I ask because it seems to me that the answer in both cases is yes.  And if the answer is yes in either case, then it is indeed possible for there to be abstract objects that are indeed compelling or useful in some way.  Why can't morality be like that?  In other words, as you wrote in your first post, you don't owe it to the number 5 to treat it as the number 5 when you're doing a math problem.  That's absurd.  But if you want to do math correctly you need to treat it as such.  Similarly, it wouldn't make sense to say that you owe it to the principle of "fairness" to be fair.  But it would make sense to say that if you want to act morally you need to be fair.
 
As for obligations:

Just a quick correction, it is not because we will be morally accountable to God that we are obligated to follow his moral commands. Rather, we are obligated by the fact that the moral values are perfect commands emanating from God's perfect nature.

I'm not sure I understand your reasoning here.  What is it about God's being perfect that makes us owe it to Him to behave in a certain way?  On your view, God is also all knowing and all powerful, do we need to become as knowledgable and as influential as possible out of an obligation to God's perfect power or knowledge?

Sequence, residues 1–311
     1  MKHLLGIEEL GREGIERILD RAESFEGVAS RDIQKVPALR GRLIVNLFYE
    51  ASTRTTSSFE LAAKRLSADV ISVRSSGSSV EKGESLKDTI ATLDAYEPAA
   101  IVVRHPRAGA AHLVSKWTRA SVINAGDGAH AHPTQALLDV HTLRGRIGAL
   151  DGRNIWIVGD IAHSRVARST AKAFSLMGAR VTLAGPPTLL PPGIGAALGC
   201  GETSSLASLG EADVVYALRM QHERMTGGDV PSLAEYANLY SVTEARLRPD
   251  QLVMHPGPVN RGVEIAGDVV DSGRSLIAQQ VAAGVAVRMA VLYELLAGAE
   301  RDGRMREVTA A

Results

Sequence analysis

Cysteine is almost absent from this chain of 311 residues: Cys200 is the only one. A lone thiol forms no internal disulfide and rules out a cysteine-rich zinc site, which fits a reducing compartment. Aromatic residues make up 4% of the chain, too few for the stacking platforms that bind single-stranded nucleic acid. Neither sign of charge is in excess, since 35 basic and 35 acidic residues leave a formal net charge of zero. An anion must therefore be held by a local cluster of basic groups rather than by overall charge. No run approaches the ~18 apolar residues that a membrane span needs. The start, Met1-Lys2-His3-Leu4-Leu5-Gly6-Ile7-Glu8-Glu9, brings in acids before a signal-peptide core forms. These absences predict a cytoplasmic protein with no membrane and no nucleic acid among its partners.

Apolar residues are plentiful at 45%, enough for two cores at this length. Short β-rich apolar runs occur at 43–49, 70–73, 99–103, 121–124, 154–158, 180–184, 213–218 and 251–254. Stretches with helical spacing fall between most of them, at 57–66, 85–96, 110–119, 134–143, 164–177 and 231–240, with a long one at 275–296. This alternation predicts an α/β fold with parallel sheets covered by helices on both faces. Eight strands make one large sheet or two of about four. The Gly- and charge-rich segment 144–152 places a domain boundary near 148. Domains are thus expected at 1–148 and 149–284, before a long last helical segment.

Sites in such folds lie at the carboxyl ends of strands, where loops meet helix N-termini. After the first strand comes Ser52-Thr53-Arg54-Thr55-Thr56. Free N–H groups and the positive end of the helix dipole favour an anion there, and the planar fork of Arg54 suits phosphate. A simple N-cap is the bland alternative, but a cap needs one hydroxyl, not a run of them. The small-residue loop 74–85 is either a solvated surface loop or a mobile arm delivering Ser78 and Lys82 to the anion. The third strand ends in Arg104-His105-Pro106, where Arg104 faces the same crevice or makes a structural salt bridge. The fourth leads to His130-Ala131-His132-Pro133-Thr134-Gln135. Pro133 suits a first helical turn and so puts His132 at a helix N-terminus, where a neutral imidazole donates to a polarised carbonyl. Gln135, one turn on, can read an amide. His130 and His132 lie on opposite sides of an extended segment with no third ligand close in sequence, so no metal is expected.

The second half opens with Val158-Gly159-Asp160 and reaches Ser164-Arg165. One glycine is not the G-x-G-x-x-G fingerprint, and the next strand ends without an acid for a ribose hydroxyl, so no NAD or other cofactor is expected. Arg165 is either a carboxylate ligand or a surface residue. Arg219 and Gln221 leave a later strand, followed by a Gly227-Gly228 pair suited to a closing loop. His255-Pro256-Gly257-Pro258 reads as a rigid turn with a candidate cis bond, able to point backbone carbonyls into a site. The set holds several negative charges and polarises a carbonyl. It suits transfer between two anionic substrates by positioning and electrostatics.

And to go back to the Bible, does it really make sense to call God's commands perfect if they sometimes include the slaughter of children or the stoning of homosexuals?  I understand that this argument is not designed to prove the existence of the Christian god in particular.  (I take it you are a follower of Bill Craig's school of apologetics, in which case you probably have a few historical and theological arguments for that.)  But that is the god that you are affirming.  And I just don't think this argument makes sense in light of what your god is said to have done in the Bible.

But leaving God aside, why can't the obligation in that equation be to ourselves or to our communities?  In other words, I owe it to myself and to those around me to be a moral person. 

Hope that answers your question. And I am sorry. It was not my intention to make light of the suffering you, JeffPT, or anyone else has gone through.